So you did share with me your website and I want to talk to you a little bit about your website. And obviously I’m not going to share this url on the show, but I do want to kind of talk to you about it, and hopefully the people that are listening in can get a sense of what your website is like and just kind of think about their own website and what kind of things that they need to be doing on their own websites to improve it.
Whatever we do in digital marketing, almost always we’re driving people back to a website, which is where most people are going to make decisions these days. So again, I think you really need to promote the fact that you have this Olympic background and that you are not just another gymnasium, that you’ve been doing this for 34 years and you’ve got the experience, you’ve got something really unique to offer.
Now that being said, I will say that in my opinion your website lacks bounce, for lack of a better phrase. It is feeling very dated, it doesn’t really have all the energy that I would expect from a trampoline gym, and I think that needs to be rectified. I really think in 2015 you need to build out your website, create a new one that’s mobile friendly so that it works on tablets and smart phones. I love that you have a video, in fact I was going to recommend that, and then I saw that you do have one right on your homepage. I think it should be a little bit bigger, but that’s neither here nor there. I’d love to see a slideshow with much bigger, more professionally taken photographs. Find out if any of your customer’s parents are professional photographers and maybe you could do some sort of barter with them, or invest $500 – $1,000 to have somebody come down and take really high level, professional photos that you can use on your website and your email marketing and your blog and your Facebook. Because I think you need to take it up a notch and really show off this professionalism so that you set yourself apart from everybody else.
The other thing that I’m noticing on your website besides just the visuals, is you’re not really trying to get people to sign up for an email newsletter. And although there are a couple of register buttons – I like to see those – I think you need a couple stronger calls to action. I think you need to get people signing up for your email newsletter so you can tell them about all the awesome things that are going on at the gym.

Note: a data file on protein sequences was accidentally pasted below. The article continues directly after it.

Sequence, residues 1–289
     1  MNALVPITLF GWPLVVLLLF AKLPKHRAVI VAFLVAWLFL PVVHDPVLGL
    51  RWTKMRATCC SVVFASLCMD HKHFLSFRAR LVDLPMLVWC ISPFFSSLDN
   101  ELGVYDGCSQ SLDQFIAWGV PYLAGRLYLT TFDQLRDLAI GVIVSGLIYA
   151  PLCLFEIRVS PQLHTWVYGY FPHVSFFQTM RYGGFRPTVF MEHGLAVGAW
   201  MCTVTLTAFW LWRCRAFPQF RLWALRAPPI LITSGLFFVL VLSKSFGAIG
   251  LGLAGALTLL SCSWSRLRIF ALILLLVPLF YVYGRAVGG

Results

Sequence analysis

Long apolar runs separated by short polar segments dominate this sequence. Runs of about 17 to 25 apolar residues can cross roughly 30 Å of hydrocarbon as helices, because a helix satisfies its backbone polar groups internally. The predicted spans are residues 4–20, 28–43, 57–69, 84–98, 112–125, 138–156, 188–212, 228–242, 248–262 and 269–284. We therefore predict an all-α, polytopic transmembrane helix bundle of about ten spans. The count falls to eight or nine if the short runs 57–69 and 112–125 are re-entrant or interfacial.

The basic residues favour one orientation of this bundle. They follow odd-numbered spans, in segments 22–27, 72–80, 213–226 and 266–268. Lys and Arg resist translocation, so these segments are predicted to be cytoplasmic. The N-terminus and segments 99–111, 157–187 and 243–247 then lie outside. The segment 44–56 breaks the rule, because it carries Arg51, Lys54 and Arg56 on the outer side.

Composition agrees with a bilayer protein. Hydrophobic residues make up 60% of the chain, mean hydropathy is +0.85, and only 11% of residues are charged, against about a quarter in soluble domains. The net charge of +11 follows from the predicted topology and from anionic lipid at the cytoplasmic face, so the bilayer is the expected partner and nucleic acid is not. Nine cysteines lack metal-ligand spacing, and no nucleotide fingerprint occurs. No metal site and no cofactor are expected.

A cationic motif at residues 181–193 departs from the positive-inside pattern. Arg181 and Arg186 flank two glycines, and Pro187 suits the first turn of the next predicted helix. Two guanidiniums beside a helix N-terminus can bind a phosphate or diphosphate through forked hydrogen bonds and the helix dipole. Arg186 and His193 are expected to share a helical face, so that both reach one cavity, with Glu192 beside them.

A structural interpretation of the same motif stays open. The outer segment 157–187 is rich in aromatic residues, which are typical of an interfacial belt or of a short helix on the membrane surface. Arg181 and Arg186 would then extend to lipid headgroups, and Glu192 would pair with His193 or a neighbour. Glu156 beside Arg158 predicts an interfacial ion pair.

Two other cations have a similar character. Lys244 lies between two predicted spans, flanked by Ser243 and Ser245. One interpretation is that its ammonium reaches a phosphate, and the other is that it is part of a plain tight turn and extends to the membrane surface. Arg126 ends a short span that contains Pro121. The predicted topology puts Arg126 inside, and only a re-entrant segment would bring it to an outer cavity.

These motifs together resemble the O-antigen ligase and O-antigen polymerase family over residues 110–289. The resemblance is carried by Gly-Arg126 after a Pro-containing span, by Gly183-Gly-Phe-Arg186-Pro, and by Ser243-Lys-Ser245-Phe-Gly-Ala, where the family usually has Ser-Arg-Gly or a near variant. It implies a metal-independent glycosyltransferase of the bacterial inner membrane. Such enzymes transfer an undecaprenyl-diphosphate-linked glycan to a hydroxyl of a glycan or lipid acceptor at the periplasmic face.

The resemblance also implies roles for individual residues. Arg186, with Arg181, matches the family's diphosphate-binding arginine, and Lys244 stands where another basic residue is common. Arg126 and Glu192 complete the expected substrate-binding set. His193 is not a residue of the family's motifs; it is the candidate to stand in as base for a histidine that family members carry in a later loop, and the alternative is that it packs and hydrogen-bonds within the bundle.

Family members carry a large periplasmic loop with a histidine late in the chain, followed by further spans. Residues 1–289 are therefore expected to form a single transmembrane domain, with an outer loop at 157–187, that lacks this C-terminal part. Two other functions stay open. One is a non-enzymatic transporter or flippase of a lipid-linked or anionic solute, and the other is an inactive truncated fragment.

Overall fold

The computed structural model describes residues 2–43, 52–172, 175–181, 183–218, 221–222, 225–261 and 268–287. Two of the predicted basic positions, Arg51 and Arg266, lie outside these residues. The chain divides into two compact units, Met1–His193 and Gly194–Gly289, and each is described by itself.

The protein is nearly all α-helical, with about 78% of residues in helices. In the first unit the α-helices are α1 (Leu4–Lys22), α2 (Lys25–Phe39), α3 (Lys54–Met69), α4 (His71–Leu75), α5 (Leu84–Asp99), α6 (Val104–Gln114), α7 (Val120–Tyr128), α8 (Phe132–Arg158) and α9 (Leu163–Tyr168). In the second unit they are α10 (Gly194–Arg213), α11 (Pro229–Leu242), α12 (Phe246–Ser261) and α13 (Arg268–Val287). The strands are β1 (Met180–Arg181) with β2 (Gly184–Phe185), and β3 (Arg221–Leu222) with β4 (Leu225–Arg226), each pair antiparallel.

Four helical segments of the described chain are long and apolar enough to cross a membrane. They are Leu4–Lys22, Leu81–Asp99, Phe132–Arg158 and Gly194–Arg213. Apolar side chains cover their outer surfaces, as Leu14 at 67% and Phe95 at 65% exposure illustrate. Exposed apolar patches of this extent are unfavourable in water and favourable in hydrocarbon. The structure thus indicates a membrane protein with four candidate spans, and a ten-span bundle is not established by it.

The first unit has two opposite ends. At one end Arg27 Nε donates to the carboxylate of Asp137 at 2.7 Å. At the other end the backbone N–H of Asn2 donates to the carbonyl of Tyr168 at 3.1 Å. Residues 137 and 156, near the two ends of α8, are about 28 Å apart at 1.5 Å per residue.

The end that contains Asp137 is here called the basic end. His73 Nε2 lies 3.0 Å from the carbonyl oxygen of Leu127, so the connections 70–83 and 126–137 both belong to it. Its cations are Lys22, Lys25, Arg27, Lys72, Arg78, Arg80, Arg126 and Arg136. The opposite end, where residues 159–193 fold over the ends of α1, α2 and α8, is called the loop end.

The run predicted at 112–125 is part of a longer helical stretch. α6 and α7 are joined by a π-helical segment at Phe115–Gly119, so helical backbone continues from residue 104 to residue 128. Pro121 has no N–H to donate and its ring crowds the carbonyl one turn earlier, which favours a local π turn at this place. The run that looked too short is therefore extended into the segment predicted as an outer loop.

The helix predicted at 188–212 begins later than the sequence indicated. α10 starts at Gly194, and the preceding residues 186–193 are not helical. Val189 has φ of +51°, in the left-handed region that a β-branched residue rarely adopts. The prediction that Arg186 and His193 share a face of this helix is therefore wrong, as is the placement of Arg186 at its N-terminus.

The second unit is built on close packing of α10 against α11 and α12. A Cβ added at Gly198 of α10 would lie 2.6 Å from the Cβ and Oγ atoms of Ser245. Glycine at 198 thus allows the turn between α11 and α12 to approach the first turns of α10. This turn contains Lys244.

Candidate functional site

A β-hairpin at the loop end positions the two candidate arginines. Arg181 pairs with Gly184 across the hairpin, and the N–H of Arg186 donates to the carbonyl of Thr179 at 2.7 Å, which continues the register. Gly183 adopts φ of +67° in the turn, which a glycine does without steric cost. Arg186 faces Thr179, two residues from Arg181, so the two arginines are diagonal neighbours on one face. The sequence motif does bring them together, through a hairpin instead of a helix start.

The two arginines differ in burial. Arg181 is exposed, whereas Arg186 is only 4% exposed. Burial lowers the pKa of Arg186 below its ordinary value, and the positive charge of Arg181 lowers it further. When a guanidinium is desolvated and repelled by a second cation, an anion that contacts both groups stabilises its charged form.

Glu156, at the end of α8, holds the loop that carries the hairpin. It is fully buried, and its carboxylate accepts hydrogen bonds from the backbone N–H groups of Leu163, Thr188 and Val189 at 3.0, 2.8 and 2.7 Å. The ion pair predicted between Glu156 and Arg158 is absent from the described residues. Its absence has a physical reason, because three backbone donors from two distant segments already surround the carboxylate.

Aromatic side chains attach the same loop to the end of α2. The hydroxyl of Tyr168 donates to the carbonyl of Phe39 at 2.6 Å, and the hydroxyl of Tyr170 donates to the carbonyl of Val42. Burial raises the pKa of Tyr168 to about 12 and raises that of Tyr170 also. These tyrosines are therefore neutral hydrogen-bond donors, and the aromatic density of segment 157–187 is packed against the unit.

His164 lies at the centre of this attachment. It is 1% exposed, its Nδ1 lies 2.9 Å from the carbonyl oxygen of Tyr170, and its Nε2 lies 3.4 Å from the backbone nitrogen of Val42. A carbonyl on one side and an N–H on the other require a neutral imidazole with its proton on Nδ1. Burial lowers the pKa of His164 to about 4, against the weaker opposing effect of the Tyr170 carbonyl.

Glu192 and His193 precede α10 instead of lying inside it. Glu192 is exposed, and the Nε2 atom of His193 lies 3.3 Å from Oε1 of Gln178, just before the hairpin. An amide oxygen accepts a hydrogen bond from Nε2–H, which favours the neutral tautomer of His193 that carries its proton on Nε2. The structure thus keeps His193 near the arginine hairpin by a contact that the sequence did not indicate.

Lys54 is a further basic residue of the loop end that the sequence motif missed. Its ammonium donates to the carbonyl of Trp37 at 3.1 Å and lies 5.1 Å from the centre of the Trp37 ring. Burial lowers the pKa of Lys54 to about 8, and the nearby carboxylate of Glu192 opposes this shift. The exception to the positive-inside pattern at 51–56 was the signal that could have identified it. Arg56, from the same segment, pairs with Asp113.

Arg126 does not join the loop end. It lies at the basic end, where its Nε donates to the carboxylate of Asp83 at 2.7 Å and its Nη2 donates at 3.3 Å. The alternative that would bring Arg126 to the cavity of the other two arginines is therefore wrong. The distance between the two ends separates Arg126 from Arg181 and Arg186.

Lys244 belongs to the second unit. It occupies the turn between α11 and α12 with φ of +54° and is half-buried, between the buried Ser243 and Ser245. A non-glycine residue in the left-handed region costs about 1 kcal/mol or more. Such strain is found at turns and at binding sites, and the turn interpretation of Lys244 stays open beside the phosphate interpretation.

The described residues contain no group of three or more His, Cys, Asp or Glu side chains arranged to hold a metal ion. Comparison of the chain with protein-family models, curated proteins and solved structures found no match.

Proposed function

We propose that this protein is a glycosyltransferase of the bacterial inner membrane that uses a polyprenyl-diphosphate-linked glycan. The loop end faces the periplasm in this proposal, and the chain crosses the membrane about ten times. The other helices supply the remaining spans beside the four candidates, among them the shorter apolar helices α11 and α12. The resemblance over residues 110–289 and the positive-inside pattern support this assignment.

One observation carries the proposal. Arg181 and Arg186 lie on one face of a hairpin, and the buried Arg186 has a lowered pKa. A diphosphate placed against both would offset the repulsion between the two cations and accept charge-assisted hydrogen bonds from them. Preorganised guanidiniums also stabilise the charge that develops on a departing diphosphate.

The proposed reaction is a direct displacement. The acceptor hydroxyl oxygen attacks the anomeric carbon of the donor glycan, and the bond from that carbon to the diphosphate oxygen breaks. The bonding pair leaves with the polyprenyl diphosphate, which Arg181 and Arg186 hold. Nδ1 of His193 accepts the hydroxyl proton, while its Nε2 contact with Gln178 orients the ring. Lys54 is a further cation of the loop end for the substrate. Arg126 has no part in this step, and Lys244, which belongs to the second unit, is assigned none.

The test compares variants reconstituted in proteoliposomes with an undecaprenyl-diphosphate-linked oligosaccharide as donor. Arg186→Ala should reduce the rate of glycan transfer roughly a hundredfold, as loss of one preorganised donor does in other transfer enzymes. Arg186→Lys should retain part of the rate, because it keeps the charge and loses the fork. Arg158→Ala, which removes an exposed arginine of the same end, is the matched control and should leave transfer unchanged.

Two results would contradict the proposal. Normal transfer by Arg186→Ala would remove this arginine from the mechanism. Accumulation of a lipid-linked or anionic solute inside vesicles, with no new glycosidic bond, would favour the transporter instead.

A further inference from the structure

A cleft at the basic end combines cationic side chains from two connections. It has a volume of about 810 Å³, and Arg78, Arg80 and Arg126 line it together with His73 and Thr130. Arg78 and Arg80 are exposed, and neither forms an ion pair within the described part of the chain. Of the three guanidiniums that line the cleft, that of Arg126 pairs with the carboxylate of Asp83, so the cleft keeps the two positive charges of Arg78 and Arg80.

The other thing I want to see you do is really focus on local search. I mentioned before that you were geographically challenged. If you are a geographically challenged business, you need to focus on improving your result in the local search engines. That includes really focusing on your NAP information (Name, Address & Phone number). And I’d recommend that you check out the interview I did with Andrew Shotland, who’s a local search engine experts, and some great information in that episode.
Finally I just want to mention that the blog that you have there is not really a blog, it’s 3 short articles all on the page, no comments, it’s not really going to be doing anything for you. I would recommend a blog, I think you should be creating content for it once a week or every other week. Talk about some of the things that are going on, talking about tumbling or even stories about your time in the Olympics. These are all things that might gather interest and build up visibility for your business on the web.
If you thought this was valuable and if you’ve got a question and you want me to weigh in on some of the marketing or your business practices going on in your small business right now, I’d love to hear more about it.
You can email me your questions, firstname.lastname@example.org, or you can head on over to themarketingagents.com website, if you’re not there already, and fill out the contact form there and let me know what you’re struggling with and maybe we’ll answer your question in the next mailbag episode.
Now for all the links and the episodes that I mentioned in today’s episode, you can head on over to themarketingagents.com/79, for the full transcript and all of those links.
Rich referred to the following past episodes of The Marketing Agents Podcast:
- Brian Dean of Backlinko – building trust and inbound links
- Larry Kim – Pay Per Click ads
- John Lee Dumas – creating a business avatar
- Dan Faggella – how to build your email list from scratch
- Andrew Shotland – local search engine expert
Submit your own questions to Rich via the contact form.